A Comparison of Hydraulic and Propellant Fracture Propagation in a Shale Gas Reservoir
- J.C. Page (Colorado School of Mines) | J.L. Miskimins (Colorado School of Mines)
- Document ID
- Petroleum Society of Canada
- Journal of Canadian Petroleum Technology
- Publication Date
- May 2009
- Document Type
- Journal Paper
- 26 - 30
- 2009. Petroleum Society of Canada (now Society of Petroleum Engineers)
- 4.3.4 Scale, 5.8.6 Naturally Fractured Reservoir, 4.1.2 Separation and Treating, 1.6 Drilling Operations, 4.1.5 Processing Equipment, 1.13 Casing and Cementing, 3.2.4 Acidising, 2.1.1 Perforating, 2.5.2 Fracturing Materials (Fluids, Proppant), 1.2.3 Rock properties, 5.6.1 Open hole/cased hole log analysis, 5.8.2 Shale Gas, 1.2.2 Geomechanics, 5.1.1 Exploration, Development, Structural Geology, 5.6.5 Tracers, 3.2.3 Hydraulic Fracturing Design, Implementation and Optimisation
- hydraulic fracturing, propellant fracturing, shale gas
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This paper describes laboratory and field experiments that were conducted to compare hydraulic and propellant fracturing techniques in the Mancos Shale of Colorado. The Mancos is a Cretaceous shale approximately 2,000 feet thick(1). Although mainly considered a source rock for other formations, the Mancos is also productive in certain areas. To better understand how stimulation technologies might be used to commercially develop the shale, four unique data sets were compared including results from both laboratory and field hydraulic and propellant fracturing.
The results of this work are presented and include the following conclusions: the propellant fractures in the block test were constrained by relative strengths of the strata; the layering of the Mancos shale resulted in better height containment than expected in field test stimulations, although the mechanism of containment in the field tests is still not fully understood; and both propellant and hydraulic fracturing can provide stimulation benefits, but only when applied in appropriate situations.
The majority of all oil and gas wells drilled in North America are completed with some form of stimulation. Stimulations are used to bypass drilling-induced damage and increase effective wellbore radii, thus, increasing well productivity. Stimulation types include hydraulic fracturing, acid fracturing, matrix acidizing and propellant fracturing. The majority of stimulations performed worldwide are hydraulic fracture stimulations. Hydraulic stimulations were first experimented with in the 1940s and the technologies, such as fluid chemistries and proppant design, have been significantly improved(2). However, hydraulic stimulations are not necessarily optimal in all situations; they require the introduction of foreign fluids into the reservoir which can often cause adverse chemical reactions. Additionally, there is a substantial added cost to hydraulically stimulating wells, which has significantly increased in the past few years. Propellant fracturing, a relatively new technology, is an alternative to hydraulic fracturing. It can be fairly inexpensive and does not involve pumping fluids into the reservoir. The process uses a combined solid fuel and oxidizer to create the rapid expansion of gas to rapidly generate pressure and drive fractures out into the rock. Unlike explosives, which were used as one of the earliest forms of stimulation, propellant fracturing causes little plastic deformation of the near wellbore region, which can be adverse to flow(3). A significant disadvantage to propellant fracturing is that it does not carry proppant into the fracture. Instead, propellant fracturing relies upon shear slippage or spalling to prevent the fracture from fully closing back on itself, leaving a conductive path back to the wellbore.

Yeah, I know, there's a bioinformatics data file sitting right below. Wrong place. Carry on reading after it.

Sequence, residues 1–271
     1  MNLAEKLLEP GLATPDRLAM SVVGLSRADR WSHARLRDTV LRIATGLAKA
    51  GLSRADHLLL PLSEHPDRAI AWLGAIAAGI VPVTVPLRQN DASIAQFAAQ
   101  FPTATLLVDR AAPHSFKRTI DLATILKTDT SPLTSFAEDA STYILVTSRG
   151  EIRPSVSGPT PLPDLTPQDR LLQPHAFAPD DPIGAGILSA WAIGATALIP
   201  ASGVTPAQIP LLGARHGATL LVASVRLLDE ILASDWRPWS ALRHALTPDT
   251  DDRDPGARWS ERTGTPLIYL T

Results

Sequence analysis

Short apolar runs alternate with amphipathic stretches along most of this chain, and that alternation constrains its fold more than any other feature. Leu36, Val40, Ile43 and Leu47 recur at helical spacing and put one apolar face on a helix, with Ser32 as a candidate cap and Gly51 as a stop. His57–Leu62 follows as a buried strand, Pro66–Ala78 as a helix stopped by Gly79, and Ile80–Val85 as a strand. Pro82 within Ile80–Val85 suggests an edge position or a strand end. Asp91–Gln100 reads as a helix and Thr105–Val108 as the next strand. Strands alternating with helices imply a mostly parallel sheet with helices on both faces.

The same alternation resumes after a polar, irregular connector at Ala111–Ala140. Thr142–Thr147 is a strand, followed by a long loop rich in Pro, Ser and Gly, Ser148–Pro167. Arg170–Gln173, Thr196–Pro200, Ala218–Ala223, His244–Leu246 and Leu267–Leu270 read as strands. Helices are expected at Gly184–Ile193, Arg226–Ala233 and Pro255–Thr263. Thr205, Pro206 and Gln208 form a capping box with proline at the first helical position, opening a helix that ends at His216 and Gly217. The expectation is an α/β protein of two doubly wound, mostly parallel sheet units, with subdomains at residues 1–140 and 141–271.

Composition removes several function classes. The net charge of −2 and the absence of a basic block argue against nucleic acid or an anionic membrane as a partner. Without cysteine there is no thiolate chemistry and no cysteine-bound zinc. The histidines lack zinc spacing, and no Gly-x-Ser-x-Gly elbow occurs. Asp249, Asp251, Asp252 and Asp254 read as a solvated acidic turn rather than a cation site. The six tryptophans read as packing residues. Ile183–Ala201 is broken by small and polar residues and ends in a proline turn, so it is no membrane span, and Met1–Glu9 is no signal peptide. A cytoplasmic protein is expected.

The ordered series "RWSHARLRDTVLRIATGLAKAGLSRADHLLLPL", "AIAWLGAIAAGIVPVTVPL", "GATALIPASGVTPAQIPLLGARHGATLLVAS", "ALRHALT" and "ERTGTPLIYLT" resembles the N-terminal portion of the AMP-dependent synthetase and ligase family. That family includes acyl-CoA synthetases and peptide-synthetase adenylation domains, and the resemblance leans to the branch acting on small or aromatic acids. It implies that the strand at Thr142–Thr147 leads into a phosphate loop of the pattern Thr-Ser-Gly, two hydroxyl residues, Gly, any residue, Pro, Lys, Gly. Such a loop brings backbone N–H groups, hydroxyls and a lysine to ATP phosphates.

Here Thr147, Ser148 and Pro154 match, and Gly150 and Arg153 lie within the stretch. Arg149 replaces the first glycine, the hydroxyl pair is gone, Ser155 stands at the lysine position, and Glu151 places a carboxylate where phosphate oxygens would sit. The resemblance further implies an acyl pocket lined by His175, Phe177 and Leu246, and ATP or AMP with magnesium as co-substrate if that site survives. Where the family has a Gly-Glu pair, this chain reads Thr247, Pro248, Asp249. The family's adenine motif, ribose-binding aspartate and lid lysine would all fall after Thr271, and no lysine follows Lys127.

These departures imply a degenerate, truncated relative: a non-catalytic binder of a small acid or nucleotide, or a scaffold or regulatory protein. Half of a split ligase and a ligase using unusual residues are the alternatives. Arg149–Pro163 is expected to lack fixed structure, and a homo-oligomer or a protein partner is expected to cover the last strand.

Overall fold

Little research has been published on propellant stimulations due to their somewhat limited applications. This paper describes a unique research project in which propellant and hydraulic stimulations were tested in the same reservoir in both laboratory and field tests. The research was conducted at the Colorado School of Mines, Golden, Colorado, between 2005 and 2007. Laboratory experiments were conducted on campus as well as at the TerraTek laboratory facilities in Salt Lake City, Utah, and learnings were applied to field tests in western Colorado.
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